Batoka feasibility studies expected before year-end

FEASIBILITY studies for the 2 400 megawatt (MW) Batoka Hydro power project and mobilisation of funds would commence before the end of 2017, an official has said.


The project will be situated a few kilometres downstream the Victoria Falls on the Zambezi River.

The $4 billion power project, expected to be completed in 2024, would be shared equally by Zimbabwe and Zambia when generation commences.

“The governments of Zimbabwe and Zambia are jointly developing the Batoka Hydro Power plant on the Zambezi River.

Feasibility studies for the project are being finalised and mobilisation of funds should commence before the end of 2017,” Energy and Power Development minister, Samuel Undenge said, while addressing delegates at the 48th Southern African Power Pool (SAPP) meeting in Bulawayo on Wednesday.

To this end, roadshows were conducted in Paris, Beijing, Johannesburg, Harare and Lusaka in 2016, he said.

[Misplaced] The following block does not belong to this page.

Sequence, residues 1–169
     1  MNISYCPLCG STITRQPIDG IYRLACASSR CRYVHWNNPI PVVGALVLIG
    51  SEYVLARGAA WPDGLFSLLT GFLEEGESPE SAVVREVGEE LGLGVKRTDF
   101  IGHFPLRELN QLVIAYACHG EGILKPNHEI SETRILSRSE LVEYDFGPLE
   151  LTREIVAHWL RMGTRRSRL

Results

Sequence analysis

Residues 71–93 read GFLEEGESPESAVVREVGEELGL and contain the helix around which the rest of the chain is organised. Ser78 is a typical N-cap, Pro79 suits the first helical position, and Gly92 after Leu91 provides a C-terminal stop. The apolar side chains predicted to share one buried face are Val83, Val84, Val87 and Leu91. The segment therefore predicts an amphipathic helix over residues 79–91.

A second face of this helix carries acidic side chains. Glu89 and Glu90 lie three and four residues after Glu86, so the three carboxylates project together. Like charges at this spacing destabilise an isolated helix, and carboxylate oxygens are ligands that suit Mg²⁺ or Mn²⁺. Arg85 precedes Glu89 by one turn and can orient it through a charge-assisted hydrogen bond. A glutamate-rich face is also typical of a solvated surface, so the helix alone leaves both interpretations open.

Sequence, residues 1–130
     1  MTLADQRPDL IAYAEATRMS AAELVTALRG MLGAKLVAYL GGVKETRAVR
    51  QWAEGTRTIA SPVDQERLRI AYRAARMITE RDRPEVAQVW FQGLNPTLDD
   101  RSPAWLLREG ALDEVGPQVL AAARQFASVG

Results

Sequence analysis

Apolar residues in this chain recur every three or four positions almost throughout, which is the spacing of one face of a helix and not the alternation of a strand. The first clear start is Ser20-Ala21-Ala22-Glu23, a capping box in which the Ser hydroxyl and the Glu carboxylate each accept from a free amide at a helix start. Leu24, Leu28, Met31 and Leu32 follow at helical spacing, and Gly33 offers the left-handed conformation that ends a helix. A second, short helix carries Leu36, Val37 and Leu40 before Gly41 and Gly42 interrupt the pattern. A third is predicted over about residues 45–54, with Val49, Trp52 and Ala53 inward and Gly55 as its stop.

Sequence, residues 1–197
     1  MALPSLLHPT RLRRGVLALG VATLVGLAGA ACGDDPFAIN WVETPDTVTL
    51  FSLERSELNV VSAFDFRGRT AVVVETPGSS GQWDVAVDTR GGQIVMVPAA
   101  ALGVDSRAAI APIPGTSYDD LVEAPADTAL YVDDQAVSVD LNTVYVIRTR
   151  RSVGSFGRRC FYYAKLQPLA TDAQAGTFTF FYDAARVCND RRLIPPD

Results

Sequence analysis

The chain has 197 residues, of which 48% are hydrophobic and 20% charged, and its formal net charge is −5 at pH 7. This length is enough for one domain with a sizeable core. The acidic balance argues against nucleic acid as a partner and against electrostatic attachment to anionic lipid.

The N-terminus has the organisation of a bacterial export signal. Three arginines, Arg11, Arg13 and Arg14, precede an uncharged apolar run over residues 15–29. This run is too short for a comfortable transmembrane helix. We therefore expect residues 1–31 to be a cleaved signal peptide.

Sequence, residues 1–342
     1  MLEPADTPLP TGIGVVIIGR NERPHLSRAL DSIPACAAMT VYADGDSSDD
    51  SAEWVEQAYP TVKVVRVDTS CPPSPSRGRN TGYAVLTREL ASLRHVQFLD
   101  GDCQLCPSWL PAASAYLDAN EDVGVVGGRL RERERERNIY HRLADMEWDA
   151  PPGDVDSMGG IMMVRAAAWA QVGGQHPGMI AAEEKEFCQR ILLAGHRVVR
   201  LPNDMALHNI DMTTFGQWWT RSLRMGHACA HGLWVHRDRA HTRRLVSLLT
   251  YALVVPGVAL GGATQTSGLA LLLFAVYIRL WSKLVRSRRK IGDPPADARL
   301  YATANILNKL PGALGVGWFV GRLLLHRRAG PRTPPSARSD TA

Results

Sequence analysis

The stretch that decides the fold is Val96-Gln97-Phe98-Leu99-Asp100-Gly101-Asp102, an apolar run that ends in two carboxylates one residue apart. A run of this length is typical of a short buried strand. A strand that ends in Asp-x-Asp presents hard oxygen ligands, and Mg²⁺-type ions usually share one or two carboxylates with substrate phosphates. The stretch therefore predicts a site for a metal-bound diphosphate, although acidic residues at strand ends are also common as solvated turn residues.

“There are other projects at various stages of sourcing financing that include coal fired, hydro and solar PV [photovoltaic] plants. These are being developed by government as well as independent power producers,” he said.

Undenge also indicated that government was soon expecting financial closure on the $1,1bn Hwange Thermal Power Station expansion project, which will add 600MW into the national grid.

The project, which has theoretically taken off with the signing of loan agreements and lending agreements between the government and Sinosure, is still struggling to take off after Zimbabwe failed to clear $11,2 million arrears to China Export and Credit Insurance Corporation for previous deals.

Sinosure is a State-funded policy-oriented insurance company established for promoting China’s foreign trade and economic co-operation.

It is a finance agency that guarantees and ensures financial outlays from that country.

“We are expecting financial closure on the Hwange Expansion project soon. This should add an additional capacity of 600MW,” Undenge said.

He said the Zimbabwe Electricity Supply Authority was strengthening its national transmission capacity by constructing two new 400kV power lines — the Triangle-Orange Grove in the eastern part of the country and Alaska-Sherwood in the central region.